Peter Kafka

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Q&A: New York Times Digital Czar Martin Nisenholtz on the Paywall, Pricing, Google and Apple

A lot of you have done a lot of reading, and a lot of writing, about the New York Times’ digital paywall/subscription plans. And if any of you who care about this stuff haven’t read Ken Doctor’s dissection of the strategy, go do that immediately.

Back? OK. For extra credit, here’s a condensed and edited–but still very long!–version of a chat I had yesterday with Times digital czar Martin Nisenholtz. I’m not convinced Nisenholtz is convinced that the plan the Times rolled out yesterday is the best possible plan. But if that’s the case, he certainly didn’t let on.

The big takeaways:

  • The Times is limiting referrals from Google because it can. Specifically, it’s taking advantage of Google’s “first click free” program. (Worth noting that the 5-a-day limit gives you another 150 articles or so a month above the initial 20-per-month cut off. So it’s not particularly punitive.)
  • The Times is charging more for access to its iPad app than for smartphone apps, because it thinks it can. iPad users spend more time with the paper, and the Times thinks people who spend more time with the paper will pay more for it.
  • The Times only expects a small sliver of its Web readers to become paying users. Niseholtz doesn’t exactly say this out loud, but if you piece together his commentary, that’s what he’s saying. He doesn’t expect the “vast majority” of readers to ever see the paywall, so what he’s really trying to do is convert a percentage of the remaining minority. But if you’ve read Doctor’s piece, then you already know this.
  • The Times isn’t trying to price its digital subscriptions in a way that protects its print subscription business. On the one hand, this makes sense–after all, the subscription plans are aimed at converting heavy users of its Web site who aren’t already print subscribers. On the other hand, given that print subscribers remain the Times’ most valuable asset, this one seems hard to reconcile.

Peter Kafka: Just to be clear, when the Times says non-subscribers can read stories above their 20-per-month limit if they come from referring links, you’re not just talking about Twitter and Facebook, but any link from any site, right?

Martin Nisenholtz: That’s correct.

Kafka: It could be the Journal. It could be a blog, it could be the Financial Times, anything on the Web, right?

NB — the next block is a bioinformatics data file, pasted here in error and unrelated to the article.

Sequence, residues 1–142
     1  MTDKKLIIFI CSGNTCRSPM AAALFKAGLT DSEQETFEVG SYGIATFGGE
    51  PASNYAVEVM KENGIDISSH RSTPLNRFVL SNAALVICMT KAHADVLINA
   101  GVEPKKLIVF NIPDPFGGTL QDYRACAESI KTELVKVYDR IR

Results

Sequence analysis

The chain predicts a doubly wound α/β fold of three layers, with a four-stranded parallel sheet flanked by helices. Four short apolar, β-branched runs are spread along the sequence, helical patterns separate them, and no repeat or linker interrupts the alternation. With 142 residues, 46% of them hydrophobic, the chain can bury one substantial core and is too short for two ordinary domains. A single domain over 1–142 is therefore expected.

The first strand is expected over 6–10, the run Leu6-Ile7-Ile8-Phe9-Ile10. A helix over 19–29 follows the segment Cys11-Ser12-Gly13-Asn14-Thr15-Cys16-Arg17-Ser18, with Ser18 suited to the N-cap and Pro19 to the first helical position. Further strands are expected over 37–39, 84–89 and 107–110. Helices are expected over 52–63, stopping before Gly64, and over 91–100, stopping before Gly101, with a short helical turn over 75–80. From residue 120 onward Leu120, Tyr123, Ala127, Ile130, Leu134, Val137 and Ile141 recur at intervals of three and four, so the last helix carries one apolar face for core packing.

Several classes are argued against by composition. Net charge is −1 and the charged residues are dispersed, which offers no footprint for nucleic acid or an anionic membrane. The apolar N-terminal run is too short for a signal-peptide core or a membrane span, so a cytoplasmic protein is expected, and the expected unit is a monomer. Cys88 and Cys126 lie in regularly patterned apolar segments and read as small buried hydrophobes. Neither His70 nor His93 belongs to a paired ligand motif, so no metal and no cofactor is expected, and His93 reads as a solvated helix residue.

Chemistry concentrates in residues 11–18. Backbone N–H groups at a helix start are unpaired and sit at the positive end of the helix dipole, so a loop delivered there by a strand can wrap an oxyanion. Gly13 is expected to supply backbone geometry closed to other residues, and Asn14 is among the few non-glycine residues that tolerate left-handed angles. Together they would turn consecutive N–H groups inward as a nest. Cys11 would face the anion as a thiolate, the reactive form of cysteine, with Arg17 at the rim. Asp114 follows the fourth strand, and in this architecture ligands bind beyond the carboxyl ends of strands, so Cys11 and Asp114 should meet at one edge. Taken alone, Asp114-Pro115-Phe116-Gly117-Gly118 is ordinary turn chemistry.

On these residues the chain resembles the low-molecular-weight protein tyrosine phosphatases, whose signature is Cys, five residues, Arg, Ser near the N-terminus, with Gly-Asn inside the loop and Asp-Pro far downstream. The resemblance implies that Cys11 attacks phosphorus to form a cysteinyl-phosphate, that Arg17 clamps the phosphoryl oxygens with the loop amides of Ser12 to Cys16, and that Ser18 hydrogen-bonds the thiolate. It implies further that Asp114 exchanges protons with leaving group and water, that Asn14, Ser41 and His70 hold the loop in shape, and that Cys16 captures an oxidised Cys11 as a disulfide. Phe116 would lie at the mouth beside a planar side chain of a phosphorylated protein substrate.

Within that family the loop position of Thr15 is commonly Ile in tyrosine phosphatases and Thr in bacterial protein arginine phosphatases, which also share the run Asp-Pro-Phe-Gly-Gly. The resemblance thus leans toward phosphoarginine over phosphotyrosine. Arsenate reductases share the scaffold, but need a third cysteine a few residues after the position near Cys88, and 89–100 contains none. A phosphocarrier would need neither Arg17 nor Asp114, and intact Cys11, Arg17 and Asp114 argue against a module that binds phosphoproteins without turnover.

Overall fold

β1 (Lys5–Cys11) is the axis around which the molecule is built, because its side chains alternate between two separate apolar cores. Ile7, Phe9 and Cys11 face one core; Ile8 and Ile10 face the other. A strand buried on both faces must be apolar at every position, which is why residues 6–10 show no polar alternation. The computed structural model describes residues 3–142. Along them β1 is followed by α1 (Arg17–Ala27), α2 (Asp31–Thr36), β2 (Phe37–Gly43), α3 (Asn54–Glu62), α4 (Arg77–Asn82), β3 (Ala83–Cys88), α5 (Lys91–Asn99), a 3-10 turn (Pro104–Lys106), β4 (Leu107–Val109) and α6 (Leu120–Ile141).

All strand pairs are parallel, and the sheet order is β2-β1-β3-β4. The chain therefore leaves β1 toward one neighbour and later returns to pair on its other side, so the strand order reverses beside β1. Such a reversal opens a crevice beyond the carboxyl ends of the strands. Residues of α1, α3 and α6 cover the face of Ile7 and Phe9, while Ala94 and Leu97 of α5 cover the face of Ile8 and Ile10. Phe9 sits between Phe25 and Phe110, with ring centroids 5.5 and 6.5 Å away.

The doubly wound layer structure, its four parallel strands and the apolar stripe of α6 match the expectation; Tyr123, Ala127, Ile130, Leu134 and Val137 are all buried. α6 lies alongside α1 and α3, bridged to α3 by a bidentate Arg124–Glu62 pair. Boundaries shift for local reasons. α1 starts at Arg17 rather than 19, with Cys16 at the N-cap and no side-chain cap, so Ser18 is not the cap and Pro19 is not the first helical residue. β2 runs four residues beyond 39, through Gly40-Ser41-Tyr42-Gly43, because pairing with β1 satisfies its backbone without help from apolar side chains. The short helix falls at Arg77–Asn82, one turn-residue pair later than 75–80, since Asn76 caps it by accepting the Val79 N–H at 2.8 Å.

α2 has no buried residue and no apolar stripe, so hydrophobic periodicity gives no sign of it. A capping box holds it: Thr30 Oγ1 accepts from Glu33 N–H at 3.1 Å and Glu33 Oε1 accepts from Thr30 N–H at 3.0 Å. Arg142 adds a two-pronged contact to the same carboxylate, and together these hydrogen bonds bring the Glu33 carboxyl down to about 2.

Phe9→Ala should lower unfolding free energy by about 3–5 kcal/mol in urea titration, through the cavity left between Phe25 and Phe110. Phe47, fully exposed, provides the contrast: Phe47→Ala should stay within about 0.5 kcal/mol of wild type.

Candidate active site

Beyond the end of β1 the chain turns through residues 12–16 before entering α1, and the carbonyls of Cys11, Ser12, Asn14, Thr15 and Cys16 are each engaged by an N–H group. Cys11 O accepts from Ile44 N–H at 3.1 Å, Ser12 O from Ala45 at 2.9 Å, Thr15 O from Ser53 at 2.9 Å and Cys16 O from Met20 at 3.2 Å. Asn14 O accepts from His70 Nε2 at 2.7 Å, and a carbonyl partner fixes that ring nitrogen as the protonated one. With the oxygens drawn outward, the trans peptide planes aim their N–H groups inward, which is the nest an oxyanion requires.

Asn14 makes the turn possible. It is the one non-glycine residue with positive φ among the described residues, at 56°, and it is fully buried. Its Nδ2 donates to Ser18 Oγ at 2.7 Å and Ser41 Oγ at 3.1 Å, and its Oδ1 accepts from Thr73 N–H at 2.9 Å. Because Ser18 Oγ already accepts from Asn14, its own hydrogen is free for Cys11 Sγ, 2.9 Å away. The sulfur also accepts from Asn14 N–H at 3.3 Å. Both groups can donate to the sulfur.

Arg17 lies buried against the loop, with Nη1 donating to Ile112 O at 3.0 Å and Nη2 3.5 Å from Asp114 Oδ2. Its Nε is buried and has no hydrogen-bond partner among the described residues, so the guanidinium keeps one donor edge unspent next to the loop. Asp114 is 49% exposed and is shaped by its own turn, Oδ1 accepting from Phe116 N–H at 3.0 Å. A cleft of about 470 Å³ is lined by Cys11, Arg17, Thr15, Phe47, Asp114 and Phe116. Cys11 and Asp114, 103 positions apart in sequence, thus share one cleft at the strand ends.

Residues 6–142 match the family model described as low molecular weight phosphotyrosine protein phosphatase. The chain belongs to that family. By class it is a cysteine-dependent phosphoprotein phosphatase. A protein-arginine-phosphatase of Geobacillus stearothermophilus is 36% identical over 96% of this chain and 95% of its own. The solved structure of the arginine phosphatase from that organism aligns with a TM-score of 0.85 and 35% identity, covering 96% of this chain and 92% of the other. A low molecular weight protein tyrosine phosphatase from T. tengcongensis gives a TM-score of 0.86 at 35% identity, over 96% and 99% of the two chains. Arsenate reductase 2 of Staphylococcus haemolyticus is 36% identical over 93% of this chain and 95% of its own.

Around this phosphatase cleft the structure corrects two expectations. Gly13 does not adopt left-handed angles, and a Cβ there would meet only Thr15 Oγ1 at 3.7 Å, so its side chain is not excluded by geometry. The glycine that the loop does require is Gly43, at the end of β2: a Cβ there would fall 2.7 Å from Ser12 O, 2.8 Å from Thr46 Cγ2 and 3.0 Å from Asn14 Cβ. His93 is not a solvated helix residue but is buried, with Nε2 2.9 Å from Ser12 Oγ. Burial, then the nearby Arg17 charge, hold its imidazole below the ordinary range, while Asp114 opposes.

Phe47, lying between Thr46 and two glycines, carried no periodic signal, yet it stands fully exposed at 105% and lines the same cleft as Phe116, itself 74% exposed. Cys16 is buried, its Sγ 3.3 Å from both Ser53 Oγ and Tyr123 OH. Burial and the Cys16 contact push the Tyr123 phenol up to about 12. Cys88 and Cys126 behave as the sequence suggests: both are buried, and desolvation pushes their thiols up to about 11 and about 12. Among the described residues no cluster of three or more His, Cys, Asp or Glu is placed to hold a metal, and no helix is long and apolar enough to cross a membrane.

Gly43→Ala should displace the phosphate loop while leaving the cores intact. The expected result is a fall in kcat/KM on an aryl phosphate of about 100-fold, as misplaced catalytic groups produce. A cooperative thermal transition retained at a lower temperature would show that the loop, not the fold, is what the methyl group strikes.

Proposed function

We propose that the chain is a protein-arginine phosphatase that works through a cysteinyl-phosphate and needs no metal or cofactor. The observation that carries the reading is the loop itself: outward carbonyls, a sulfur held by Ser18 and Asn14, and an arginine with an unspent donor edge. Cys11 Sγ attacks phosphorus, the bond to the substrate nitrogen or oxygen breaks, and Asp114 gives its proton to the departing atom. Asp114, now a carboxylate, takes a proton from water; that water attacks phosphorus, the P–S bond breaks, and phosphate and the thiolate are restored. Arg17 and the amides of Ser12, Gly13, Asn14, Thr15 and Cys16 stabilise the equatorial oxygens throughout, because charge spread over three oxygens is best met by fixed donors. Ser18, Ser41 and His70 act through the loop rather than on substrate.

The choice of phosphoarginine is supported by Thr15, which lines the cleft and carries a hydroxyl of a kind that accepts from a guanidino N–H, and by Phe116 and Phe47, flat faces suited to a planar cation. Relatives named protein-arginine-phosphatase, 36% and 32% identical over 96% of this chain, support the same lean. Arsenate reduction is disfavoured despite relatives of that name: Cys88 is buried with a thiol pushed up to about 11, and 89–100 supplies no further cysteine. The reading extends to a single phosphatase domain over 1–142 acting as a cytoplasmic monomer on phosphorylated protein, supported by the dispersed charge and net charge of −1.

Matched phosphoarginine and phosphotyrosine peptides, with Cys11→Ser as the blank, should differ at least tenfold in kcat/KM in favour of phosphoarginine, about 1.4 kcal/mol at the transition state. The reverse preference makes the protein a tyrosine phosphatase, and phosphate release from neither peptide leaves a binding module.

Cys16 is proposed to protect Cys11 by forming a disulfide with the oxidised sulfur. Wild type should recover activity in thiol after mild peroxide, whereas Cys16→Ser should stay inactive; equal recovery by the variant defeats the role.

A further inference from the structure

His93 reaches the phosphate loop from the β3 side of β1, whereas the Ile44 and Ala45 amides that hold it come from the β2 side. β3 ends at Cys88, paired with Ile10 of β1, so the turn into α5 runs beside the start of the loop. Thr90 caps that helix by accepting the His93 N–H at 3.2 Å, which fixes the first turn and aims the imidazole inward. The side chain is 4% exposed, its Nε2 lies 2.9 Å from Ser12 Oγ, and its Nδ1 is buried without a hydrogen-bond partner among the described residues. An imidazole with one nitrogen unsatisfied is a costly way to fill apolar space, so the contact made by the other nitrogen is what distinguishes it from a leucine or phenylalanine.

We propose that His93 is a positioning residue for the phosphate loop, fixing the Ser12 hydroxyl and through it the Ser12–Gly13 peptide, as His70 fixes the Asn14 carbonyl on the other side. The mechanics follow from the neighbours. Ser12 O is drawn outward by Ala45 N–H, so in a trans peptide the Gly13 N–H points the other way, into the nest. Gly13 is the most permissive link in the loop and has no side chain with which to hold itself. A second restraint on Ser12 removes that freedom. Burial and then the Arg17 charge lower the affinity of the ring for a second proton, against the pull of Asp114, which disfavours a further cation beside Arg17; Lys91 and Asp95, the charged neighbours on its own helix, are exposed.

Nisenholtz: Yes. The only other thing is that Google has a methodology where they can limit the number of inbound links per day, and we intend to take them up on it.

Kafka: So that’s Google doing the actual gating, not you?

Nisenholtz: Right. They had made this feature available prior to us going pay, so it’s not like it was inspired by us per se. We’re just taking advantage of it.

Kafka: Why limit Google’s links, but not any other site’s?

Nisenholtz: I think the majority of people are honest and care about great journalism and the New York Times. When you look at the research that we’ve done, tons of people actually say, “Jeez, we’ve felt sort of guilty getting this for free all these years. We actually want to step up and pay, because we know we’re supporting a valuable institution.” At the same time we want to make sure that we’re not being gamed, to the extent that we can be.

Kafka: But if you really do want to game the wall, you’ll be able to do it. You could could go through Microsoft’s Bing, for instance.

Nisenholtz: We’re obviously going to be vigilant over the next couple of months, in looking at the ways that people are doing that.

Kafka: I’m surprised to hear you say you’re going to spend calories trying to make sure that people don’t abuse the system. I would think you have other things to do.

Nisenholtz: I don’t think we’re going to spend enormous resources to go tracking people down. But at the same time, we’re going to obviously work to see where the source of these workarounds are, and work to close them off, if they become substantive enough.

But in looking at the research that we did, we expect [paywall jumpers] to be a very significant minority, a small, small number of people. When you look at your Twitter feed, based on the people you follow, it probably seems like it’s looming very large. But in the scheme of things, among people who don’t live in Silicon Valley or don’t cover it, the vast majority of people do not have this on their minds.